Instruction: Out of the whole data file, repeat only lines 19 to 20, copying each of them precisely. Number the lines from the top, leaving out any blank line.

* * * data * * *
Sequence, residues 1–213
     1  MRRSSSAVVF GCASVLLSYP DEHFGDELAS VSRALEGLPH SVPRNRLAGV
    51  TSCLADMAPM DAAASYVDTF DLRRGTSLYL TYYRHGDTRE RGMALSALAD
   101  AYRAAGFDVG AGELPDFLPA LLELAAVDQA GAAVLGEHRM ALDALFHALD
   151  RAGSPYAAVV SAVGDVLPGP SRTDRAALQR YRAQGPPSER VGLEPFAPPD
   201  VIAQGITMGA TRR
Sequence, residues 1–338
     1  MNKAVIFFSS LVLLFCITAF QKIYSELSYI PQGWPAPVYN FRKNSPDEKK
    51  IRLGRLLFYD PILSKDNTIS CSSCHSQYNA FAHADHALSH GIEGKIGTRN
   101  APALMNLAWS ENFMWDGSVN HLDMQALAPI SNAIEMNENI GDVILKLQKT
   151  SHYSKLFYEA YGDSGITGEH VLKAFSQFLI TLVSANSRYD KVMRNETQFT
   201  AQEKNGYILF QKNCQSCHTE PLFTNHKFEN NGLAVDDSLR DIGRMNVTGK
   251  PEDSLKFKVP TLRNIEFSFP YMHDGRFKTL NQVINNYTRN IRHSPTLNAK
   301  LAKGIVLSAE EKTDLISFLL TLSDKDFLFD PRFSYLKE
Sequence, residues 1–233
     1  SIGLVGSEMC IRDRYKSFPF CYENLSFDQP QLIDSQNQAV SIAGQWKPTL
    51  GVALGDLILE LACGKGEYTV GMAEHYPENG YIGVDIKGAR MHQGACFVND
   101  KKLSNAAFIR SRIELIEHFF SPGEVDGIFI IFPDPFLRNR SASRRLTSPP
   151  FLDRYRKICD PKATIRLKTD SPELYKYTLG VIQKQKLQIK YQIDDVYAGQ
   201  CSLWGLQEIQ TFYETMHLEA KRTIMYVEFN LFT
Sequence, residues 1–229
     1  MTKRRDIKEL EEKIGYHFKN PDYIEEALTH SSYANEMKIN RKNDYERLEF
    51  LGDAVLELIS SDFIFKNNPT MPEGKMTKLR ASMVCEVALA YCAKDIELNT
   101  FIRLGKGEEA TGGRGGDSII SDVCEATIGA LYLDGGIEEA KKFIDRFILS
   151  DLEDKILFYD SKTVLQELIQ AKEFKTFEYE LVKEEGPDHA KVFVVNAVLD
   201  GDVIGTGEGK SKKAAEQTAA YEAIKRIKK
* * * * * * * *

   151  FLDRYRKICD PKATIRLKTD SPELYKYTLG VIQKQKLQIK YQIDDVYAGQ
   201  CSLWGLQEIQ TFYETMHLEA KRTIMYVEFN LFT